People at an advanced age are seldom asked to share their knowledge, skills and life experience. This conflicts with a strong need of the older generation to participate and play a significant role within their own community in later life. The European Active 80+ project and the Dutch project JointPower 80+ offer a new perspective on active ageing.
About the authors
Laura Christ is a social gerontologist and consultant Self Confrontation Method. She is project leader of Active80+ on behalf of the Older Women’s Network - Netherlands.
Kees Penninx is an expert on change and owner of bureau ActivAge, developer of new concepts and practical applications with respect to social commitment, informal care, living arrangements and participation.
Translation: Angelique van Vondelen
All countries of the European Union see an increase in the number of older people, and especially of the over 80s. Only 3.5% of the Europeans were octogenarians - or older - in 2001, but it is to be expected that this percentage will rise to at least 12% in 2060. In the past few years, the promotion of active ageing, volunteering and lifelong learning by older people have had a prominent place on the agenda of the European Union. In 2011, the European year of Volunteering, an important objective was the recognition of voluntary work as a fundamental part of active citizenship and democracy within the collective consciousness of the Member States. The voluntary contribution of older people was crucial in this recognition.
Marking the 10th anniversary of the Madrid International Plan of Action on Ageing, the European Union declared 2012 as the European Year of Active Ageing. Active ageing is described as participation in employment and the community by volunteering and active citizenship. Within the context of the European Year, several projects and activities were initiated. Remarkably, the focus lies primarily on the participation of people in their so-called Third Age (from 60 – 80). Little is known about the participation and contribution of the over 80s. The EU program Silver Economy, which outlines the EU strategy up till 2020, has placed active and healthy ageing high on the agenda and stimulates older people – from the age of 50 onwards – to remain active as long as possible, to participate independently, and to contribute to society and the economy. In this case, however, participation and lifelong learning refer to ‘participation in the labour market’. These programs seem to forget the oldest generation and erroneously invoke an image of the over 80s as people who are solely in need of care or as consumers of healthcare and technology.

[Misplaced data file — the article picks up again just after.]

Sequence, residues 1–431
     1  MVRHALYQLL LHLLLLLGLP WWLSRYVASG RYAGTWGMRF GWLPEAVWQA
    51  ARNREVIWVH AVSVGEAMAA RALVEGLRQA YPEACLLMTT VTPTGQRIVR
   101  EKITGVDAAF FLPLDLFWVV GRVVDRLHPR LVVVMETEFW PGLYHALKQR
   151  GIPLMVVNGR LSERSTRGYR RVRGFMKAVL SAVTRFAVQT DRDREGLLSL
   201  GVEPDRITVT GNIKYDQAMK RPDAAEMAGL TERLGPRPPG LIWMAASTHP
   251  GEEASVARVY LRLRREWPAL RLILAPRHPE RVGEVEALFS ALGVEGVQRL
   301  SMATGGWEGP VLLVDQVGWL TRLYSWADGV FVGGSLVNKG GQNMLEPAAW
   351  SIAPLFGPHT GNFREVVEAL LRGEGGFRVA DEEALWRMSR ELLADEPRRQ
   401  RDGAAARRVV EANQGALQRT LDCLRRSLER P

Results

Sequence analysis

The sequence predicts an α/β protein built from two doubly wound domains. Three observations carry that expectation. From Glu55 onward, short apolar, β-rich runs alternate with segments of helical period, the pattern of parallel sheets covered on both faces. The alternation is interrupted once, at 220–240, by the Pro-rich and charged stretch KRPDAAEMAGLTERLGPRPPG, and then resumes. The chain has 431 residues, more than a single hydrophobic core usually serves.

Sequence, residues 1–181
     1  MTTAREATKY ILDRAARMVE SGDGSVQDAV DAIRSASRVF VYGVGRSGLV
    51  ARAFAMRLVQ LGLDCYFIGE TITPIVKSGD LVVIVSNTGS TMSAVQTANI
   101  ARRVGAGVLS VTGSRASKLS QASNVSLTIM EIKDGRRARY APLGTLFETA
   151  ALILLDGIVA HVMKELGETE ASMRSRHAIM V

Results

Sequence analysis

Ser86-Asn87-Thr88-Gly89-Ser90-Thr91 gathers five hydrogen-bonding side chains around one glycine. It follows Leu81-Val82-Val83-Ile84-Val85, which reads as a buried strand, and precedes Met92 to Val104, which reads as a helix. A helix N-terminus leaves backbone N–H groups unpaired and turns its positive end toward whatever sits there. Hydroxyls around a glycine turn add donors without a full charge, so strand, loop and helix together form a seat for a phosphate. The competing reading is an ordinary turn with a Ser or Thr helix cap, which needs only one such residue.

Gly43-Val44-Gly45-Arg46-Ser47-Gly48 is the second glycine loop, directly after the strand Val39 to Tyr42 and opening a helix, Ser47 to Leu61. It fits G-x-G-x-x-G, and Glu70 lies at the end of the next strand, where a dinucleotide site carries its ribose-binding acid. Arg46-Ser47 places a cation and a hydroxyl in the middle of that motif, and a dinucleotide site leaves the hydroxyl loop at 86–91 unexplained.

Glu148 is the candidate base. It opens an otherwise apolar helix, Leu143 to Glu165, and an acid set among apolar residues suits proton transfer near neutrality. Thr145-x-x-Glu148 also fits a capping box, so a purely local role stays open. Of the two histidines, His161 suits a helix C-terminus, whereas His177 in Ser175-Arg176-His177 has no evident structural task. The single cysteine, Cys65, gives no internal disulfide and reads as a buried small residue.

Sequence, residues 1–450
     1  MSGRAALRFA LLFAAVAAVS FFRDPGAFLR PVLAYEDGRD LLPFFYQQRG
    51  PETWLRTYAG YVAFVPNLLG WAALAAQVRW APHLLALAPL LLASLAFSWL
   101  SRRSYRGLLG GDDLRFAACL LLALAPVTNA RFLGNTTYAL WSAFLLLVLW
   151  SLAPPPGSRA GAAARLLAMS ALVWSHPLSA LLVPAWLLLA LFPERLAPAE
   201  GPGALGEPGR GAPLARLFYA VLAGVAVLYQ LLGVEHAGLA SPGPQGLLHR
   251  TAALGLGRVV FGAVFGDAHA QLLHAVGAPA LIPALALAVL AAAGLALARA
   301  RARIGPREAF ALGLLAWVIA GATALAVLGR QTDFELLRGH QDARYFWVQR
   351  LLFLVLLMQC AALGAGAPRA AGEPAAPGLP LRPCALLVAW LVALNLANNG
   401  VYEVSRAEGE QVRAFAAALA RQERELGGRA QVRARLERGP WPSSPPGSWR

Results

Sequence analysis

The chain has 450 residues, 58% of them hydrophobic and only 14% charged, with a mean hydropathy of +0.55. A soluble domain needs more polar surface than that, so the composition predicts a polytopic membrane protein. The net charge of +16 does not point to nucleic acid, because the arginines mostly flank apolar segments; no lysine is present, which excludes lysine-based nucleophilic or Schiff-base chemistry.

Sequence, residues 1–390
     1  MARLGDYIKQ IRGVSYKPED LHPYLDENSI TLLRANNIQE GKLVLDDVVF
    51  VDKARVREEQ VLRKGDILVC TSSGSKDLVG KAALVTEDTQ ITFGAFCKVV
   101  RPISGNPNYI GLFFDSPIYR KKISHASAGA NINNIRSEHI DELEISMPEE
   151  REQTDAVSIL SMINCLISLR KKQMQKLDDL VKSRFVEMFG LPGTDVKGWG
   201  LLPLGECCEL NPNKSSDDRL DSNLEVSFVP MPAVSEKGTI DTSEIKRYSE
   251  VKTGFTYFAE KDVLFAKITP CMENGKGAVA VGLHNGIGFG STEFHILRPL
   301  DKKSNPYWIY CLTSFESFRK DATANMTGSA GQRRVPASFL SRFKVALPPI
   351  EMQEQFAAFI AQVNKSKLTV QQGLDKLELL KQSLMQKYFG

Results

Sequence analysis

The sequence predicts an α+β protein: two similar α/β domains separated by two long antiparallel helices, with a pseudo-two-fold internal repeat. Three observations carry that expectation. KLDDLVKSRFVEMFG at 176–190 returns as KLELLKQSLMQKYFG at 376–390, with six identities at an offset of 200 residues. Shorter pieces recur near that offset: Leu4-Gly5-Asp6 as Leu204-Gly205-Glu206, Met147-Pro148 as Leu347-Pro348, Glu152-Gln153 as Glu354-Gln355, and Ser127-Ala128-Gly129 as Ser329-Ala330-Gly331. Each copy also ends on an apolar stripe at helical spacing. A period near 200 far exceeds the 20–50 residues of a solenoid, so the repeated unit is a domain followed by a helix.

Possibly a change is about to come. October 2014 was the start of the European Active 80+ project, in which five countries participate: Austria, Germany, Italy, Lithuania and the Netherlands. The Active 80+ project is financed by the Erasmus+ program and resorts under the Adult Education program in which lifelong learning is one of the important objectives. The Active 80+ program does concentrate on the oldest generation. Its purpose is to create awareness and recognition of the knowledge and skills of the over 80s and to promote concrete opportunities to keep learning and to remain active within the community in a way that suits older people. A first step in the Active80+ project was to set up an inventory and analysis of current expertise and practical experience by means of desk research in the participating countries and on a European level. Central notions and search entries that were used in the inventory are: lifelong learning, volunteering and civil citizenship. These were linked to an advanced age and/or the Fourth Age (i.e. over 80s). The inventory and analysis showed that there is a lack of research and public debate about active ageing during the Fourth Age. It also revealed that there is a strong need among the older generation to keep participating at an advanced age and to be involved in their own community.
“The most important thing is that I want to be recognized. I do not want to be overlooked, I want to feel like I do matter and be meaningful to others”.
(Active80+: quote from an interview with an octogenarian)